Speaking at the Basmanny courthouse in Moscow, Anna Fadeeva confirmed Zaur Dadaev and Anzor Gubashev had been charged. However, she did not specify the charges.
Dadaev and Gubashev had been identified as suspects by Federal Security Service director Alexander Bortnikov a day earlier.
Until the three other men were taken to the court yesterday, there had been no official confirmation of other suspects.
Mr Bortnikov gave no details of how the men had been detained or specifics on how they were connected to the killings.
However, state news agencies Tass and RIA Novosti said the pair had been detained in Ingushetia, a republic bordering Chechnya, citing Ingush Security Council chief Albert Barakhoev.
Dadaev had served in a battalion of interior ministry troops in Chechnya, Mr Barakhoev said.
He said Gubashev had worked at a private security company in Moscow.
There was scant information about the identity of the three other suspects. Mr Barakhoev was quoted by RIA Novosti as saying two others had been seized at the same time as Dadaev and Gubashev. But there had been no official announcement of their detention.
Shortly before the court session began yesterday, investigating committee spokesman Vladimir Markin revealed there was a fifth suspect, but gave no details.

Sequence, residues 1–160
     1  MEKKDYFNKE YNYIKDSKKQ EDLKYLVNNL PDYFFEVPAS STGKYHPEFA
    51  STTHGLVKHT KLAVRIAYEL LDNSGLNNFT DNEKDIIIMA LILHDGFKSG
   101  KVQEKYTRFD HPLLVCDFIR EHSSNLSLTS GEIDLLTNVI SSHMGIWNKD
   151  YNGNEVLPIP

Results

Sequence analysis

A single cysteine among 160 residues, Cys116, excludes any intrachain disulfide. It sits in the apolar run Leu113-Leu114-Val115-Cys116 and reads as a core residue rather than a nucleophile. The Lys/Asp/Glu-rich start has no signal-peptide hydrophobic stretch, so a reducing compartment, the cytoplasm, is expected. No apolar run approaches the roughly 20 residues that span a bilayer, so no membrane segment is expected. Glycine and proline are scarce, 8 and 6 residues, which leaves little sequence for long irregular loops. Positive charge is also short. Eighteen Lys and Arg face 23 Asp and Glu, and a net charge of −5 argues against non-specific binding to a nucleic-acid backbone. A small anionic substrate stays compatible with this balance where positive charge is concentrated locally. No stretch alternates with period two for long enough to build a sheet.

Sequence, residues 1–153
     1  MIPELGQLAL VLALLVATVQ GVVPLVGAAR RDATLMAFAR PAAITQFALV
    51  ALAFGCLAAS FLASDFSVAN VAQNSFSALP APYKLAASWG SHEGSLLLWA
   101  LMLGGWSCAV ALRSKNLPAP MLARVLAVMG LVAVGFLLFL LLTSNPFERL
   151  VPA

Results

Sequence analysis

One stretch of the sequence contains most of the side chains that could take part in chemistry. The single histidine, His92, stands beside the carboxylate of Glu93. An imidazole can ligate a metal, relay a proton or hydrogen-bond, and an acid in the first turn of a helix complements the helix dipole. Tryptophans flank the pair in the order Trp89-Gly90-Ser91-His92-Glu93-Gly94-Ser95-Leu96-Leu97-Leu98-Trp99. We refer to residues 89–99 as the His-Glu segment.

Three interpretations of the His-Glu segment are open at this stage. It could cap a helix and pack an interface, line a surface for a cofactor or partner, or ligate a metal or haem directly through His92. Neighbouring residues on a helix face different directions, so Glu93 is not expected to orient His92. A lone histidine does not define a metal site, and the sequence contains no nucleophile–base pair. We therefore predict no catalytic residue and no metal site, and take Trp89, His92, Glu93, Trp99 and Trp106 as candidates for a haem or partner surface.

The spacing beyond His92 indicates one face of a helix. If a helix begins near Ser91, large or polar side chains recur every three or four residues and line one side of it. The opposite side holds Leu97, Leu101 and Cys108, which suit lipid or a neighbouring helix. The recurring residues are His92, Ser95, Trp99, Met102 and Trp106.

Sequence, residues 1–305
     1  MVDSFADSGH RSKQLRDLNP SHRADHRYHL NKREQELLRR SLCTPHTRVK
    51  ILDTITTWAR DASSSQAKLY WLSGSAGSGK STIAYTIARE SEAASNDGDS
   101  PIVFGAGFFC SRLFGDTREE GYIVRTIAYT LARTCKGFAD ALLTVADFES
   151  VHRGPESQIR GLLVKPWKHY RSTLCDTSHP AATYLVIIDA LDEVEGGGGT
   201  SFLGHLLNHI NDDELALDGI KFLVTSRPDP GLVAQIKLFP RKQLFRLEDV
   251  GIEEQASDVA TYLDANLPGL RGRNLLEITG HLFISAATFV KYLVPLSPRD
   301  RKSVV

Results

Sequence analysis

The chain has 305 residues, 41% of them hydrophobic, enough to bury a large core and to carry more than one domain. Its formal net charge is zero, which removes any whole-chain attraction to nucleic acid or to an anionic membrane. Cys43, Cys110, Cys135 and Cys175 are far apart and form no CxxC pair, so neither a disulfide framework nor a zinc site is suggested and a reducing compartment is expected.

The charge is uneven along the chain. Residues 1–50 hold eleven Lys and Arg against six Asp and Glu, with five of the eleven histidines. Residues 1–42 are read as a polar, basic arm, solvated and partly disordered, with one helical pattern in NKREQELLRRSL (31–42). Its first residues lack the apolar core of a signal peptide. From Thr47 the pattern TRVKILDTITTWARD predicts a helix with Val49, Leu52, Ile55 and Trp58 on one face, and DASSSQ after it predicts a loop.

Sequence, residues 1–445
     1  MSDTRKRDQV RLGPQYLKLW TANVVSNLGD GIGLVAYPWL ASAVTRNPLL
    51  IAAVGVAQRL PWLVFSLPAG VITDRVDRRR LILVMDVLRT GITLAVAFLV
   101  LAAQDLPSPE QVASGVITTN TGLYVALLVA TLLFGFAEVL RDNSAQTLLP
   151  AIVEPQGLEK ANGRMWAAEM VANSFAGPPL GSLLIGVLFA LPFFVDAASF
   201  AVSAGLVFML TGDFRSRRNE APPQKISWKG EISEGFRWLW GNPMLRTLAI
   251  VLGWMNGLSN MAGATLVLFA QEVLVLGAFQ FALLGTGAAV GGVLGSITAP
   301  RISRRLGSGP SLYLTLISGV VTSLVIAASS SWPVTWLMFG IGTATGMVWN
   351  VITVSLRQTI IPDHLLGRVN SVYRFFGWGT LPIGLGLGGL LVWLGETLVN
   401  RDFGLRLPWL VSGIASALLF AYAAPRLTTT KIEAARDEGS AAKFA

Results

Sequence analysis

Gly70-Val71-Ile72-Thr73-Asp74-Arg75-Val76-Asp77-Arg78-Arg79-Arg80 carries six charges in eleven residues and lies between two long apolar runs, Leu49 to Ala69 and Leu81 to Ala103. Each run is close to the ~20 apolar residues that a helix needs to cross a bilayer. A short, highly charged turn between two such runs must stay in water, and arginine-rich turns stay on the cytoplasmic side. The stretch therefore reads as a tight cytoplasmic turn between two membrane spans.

Mr Nemtsov’s murder shocked Russia’s already beleaguered and marginalised opposition supporters. Suspicion in the opposition is high that the killing had been ordered by the Kremlin in retaliation for Mr Nemtsov’s criticism of president Vladimir Putin. The 55-year-old had been working on a report about Russian military involvement in the eastern Ukraine conflict.
But Russia’s top investigative body said it was looking into several possible motives, including that he had been killed in an attempt to smear Mr Putin’s image. It also said it was looking into possible connections to Islamic extremism and into Mr Nemtsov’s personal life.
Chechnya, where Dadaev reportedly worked, has had two wars in the past 20 years between Russian forces and separatists increasingly allied with fundamentalist Islam. Although the insurgency died down in Chechnya several years ago, attacks attributed to Islamic militants sporadically occur in nearby regions.
Chechnya’s strongman, Kremlin-backed president Ramzan Kadyrov, has imposed Islam-tinged rule in the area, including the mandatory wearing of headscarves by women. Himself a former rebel, he has been widely accused of rampant human rights, abuses including executions and abductions of opponents.
Many believe Mr Nemtsov’s death in a tightly secured area near the Kremlin would not have been possible without official involvement, and could have been an attempt to scare other government foes. Mr Putin, who has called Mr Nemtsov’s killing a “provocation”, did not comment on the detentions.